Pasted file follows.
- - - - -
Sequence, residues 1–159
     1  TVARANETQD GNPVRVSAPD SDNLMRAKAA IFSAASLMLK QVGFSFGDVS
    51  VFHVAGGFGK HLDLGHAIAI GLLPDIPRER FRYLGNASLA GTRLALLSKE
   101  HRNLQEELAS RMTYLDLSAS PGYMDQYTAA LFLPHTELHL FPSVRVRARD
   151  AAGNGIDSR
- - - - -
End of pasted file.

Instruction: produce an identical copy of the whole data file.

Sequence, residues 1–159
     1  TVARANETQD GNPVRVSAPD SDNLMRAKAA IFSAASLMLK QVGFSFGDVS
    51  VFHVAGGFGK HLDLGHAIAI GLLPDIPRER FRYLGNASLA GTRLALLSKE
   101  HRNLQEELAS RMTYLDLSAS PGYMDQYTAA LFLPHTELHL FPSVRVRARD
   151  AAGNGIDSR